The Income-Tax (I-T) department in Mumbai is summoning CEOs and CFOs of mid-size companies with the objective to communicate to them that anything less than the full payment of advance taxes will not be acceptable. I-T department sources said a face-to-face interaction helps in gauging the exact amount of tax payable by companies. Besides, it also helps I-T commissioners analyse the reasons for a company’s lower tax outgo. Importantly, through these interactions, the practice by some companies to make staggered advance tax payment is eliminated.
This exercise of summoning senior functionaries of Corporate India to the department coincides with the strict instructions given out by the Central Board of Direct Taxes (CBDT) to chief commissioners that anything less than the projected collection of Rs 4 lakh crore will not be acceptable. CBDT, it is learnt, is trying to ensure that it does not miss its target for the second time in a row.
At a meeting of the administrative chief commissioners held recently, CBDT chairman SSN Moorthy made it clear that anything less than Rs 4 lakh crore was “non-negotiable.” While most senior officers are certain that the department will easily cross the original target of Rs 3.7 lakh crore, they do not vouch for meeting the revised target. The target was revised during the course of this fiscal on the premise that the economy would see an upswing towards the close of the fiscal. Mr Moorthy, however, had told them clearly that CBDT will not compromise on the revised target.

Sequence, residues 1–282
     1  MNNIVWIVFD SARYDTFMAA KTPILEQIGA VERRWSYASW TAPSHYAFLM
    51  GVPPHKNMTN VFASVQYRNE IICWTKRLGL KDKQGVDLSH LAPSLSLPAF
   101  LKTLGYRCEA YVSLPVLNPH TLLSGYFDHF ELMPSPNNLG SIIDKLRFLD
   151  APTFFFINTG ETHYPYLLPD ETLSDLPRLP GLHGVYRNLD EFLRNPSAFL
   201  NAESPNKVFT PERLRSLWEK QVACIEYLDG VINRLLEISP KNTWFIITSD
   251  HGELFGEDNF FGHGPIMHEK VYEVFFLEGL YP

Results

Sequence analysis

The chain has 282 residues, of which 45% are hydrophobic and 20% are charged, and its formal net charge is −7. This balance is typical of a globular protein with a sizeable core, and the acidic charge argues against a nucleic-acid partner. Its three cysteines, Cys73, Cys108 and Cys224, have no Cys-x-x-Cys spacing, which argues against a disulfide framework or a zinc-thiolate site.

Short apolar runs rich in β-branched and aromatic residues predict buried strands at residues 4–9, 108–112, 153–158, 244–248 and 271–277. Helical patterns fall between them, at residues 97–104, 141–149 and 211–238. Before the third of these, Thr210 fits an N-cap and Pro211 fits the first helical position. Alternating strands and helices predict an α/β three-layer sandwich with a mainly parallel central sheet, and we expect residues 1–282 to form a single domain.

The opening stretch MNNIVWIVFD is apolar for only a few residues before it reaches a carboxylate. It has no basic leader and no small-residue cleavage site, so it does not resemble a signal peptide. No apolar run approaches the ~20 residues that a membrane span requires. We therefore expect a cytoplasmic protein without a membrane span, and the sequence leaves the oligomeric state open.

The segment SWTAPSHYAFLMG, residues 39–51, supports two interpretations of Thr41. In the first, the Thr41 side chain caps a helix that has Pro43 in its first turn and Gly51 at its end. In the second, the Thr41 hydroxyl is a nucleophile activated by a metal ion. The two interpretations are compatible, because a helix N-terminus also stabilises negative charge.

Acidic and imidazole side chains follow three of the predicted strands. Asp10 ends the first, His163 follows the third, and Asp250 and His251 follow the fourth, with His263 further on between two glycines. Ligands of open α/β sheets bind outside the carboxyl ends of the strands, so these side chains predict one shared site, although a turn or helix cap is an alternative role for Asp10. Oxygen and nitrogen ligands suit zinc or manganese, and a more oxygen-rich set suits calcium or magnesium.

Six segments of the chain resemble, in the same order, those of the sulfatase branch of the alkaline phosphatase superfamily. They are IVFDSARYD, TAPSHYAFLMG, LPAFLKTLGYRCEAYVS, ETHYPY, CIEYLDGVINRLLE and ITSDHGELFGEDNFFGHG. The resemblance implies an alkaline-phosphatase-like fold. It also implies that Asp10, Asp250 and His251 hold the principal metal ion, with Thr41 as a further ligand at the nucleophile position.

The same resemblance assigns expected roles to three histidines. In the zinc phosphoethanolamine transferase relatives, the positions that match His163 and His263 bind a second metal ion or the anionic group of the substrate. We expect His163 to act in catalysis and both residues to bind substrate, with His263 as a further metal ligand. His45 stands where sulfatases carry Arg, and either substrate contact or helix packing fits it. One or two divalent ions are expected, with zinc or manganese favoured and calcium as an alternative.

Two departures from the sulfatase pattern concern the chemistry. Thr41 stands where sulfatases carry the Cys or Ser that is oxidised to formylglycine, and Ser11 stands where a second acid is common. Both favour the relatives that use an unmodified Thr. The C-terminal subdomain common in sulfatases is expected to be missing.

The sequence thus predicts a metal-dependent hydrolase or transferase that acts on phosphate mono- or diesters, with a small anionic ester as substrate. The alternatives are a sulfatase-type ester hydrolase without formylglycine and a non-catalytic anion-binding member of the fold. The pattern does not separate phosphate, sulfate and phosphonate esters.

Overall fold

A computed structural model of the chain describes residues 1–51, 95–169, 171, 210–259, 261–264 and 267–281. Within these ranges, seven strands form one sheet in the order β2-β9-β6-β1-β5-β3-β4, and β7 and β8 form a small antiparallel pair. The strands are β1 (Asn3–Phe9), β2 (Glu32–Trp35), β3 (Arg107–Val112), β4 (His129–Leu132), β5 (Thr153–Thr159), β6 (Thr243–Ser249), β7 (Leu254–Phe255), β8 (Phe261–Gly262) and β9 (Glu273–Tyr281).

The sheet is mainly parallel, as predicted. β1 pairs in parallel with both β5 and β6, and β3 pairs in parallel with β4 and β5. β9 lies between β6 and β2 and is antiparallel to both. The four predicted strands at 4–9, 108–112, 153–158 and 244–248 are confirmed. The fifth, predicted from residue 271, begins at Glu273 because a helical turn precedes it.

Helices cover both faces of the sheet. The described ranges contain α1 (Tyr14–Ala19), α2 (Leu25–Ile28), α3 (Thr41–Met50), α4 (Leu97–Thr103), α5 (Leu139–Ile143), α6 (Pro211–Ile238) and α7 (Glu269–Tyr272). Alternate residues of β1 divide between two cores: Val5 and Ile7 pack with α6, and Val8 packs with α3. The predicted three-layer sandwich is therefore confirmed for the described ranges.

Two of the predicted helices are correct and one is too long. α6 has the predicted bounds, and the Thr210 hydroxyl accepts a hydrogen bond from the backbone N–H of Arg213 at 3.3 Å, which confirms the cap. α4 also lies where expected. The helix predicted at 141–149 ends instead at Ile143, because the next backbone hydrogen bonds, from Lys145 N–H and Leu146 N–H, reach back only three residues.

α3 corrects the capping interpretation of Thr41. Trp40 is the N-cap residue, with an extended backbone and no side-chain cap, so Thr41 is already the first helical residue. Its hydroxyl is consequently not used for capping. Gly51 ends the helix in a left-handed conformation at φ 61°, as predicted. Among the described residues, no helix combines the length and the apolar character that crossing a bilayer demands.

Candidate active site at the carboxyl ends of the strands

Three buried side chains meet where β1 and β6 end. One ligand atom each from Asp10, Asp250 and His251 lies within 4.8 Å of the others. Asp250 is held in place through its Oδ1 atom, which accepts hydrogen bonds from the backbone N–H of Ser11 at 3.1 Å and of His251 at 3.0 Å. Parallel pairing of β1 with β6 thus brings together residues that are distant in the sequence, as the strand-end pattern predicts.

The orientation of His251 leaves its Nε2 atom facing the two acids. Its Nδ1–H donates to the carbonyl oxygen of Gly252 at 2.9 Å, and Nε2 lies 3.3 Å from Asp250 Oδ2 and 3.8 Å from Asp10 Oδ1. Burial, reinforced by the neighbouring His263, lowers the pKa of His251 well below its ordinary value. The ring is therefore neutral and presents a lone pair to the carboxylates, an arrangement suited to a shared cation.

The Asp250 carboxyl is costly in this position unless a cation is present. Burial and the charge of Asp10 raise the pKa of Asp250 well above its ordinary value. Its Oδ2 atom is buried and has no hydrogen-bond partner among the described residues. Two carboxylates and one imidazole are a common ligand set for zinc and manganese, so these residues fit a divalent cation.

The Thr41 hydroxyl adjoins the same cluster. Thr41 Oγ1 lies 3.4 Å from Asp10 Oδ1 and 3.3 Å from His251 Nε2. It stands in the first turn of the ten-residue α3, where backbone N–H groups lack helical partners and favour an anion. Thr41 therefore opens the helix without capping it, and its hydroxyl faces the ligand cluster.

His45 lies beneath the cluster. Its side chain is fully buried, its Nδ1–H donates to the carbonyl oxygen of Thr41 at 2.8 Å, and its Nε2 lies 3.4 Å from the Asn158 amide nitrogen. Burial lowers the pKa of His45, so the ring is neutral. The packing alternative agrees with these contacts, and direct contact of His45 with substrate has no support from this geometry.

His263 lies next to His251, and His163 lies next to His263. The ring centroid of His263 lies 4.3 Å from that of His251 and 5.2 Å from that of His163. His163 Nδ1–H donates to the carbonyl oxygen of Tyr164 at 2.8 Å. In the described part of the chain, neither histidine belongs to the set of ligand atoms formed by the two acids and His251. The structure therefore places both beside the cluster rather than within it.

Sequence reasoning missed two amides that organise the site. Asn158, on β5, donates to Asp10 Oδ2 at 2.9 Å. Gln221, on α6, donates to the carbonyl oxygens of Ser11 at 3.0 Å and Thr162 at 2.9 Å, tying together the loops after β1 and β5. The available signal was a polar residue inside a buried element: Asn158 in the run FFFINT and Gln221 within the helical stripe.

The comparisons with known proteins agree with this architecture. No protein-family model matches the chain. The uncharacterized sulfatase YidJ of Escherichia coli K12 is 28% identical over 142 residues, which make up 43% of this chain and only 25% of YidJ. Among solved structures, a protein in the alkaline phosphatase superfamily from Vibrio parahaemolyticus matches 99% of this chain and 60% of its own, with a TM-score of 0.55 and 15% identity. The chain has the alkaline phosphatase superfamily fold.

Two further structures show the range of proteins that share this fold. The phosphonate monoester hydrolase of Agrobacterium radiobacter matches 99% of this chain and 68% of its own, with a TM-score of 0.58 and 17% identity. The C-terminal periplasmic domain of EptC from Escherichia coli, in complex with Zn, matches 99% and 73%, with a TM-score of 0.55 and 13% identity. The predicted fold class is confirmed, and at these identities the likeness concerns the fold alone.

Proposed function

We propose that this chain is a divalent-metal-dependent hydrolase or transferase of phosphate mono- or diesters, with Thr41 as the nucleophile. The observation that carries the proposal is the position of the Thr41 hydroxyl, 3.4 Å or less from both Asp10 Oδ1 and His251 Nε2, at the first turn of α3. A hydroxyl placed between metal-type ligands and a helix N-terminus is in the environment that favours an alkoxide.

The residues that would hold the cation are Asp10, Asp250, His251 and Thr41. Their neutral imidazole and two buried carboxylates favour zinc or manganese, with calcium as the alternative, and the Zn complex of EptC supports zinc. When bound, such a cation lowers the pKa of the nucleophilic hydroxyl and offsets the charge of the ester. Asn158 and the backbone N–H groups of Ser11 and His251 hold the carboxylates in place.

When asked by ET on how the department will meet the revised target, Mr Moorthy merely said, “That is for the chief commissioners to figure out”
The chief commissioners, who are grappling with the issue, are also worried about the not-so-encouraging trend visible in the tax deducted at source (TDS) collections, which usually account for a third of the total direct tax collections. Though the TDS collection is expected to marginally exceed last year’s figures, it is now almost certain that it will fall short of the projections for FY10. For example, the Mumbai Commissionerate expects to collect TDS of about Rs 40,000 crore by the end of this fiscal, a figure that marginally exceeds that of last year. The target for TDS collections out of Mumbai is Rs 52,000 crore, which means there will be a shortfall of Rs 12,000 crore. Importantly, oil companies will not pay any tax this year, since they have not been allowed to issue oil bonds.